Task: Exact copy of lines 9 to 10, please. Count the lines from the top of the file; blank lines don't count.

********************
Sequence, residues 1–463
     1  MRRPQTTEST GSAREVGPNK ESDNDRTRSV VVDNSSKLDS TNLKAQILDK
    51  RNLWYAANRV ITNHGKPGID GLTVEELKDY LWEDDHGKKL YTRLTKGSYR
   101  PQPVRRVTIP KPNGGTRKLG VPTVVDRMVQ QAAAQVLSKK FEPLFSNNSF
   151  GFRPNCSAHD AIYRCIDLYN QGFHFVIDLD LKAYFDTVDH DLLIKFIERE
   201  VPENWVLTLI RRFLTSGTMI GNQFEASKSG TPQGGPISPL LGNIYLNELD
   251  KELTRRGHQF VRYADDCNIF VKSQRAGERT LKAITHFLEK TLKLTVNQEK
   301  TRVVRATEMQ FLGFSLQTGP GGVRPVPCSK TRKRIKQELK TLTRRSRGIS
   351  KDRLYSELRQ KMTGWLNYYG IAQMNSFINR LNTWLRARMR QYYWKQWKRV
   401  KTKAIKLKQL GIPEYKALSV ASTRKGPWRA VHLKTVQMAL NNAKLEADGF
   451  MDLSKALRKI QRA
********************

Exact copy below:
   351  KDRLYSELRQ KMTGWLNYYG IAQMNSFINR LNTWLRARMR QYYWKQWKRV
   401  KTKAIKLKQL GIPEYKALSV ASTRKGPWRA VHLKTVQMAL NNAKLEADGF